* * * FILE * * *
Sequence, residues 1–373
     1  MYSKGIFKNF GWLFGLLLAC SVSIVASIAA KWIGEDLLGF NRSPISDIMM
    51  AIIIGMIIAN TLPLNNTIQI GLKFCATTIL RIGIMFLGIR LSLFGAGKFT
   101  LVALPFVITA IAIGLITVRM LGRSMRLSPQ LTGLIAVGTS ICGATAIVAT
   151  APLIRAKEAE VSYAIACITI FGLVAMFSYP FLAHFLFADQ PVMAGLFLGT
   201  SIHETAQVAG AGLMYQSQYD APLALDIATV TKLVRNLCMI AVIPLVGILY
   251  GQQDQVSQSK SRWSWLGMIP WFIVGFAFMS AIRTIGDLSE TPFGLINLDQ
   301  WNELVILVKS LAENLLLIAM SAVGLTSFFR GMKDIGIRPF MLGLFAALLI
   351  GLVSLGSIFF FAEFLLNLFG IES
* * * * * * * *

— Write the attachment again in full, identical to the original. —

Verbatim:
Sequence, residues 1–373
     1  MYSKGIFKNF GWLFGLLLAC SVSIVASIAA KWIGEDLLGF NRSPISDIMM
    51  AIIIGMIIAN TLPLNNTIQI GLKFCATTIL RIGIMFLGIR LSLFGAGKFT
   101  LVALPFVITA IAIGLITVRM LGRSMRLSPQ LTGLIAVGTS ICGATAIVAT
   151  APLIRAKEAE VSYAIACITI FGLVAMFSYP FLAHFLFADQ PVMAGLFLGT
   201  SIHETAQVAG AGLMYQSQYD APLALDIATV TKLVRNLCMI AVIPLVGILY
   251  GQQDQVSQSK SRWSWLGMIP WFIVGFAFMS AIRTIGDLSE TPFGLINLDQ
   301  WNELVILVKS LAENLLLIAM SAVGLTSFFR GMKDIGIRPF MLGLFAALLI
   351  GLVSLGSIFF FAEFLLNLFG IES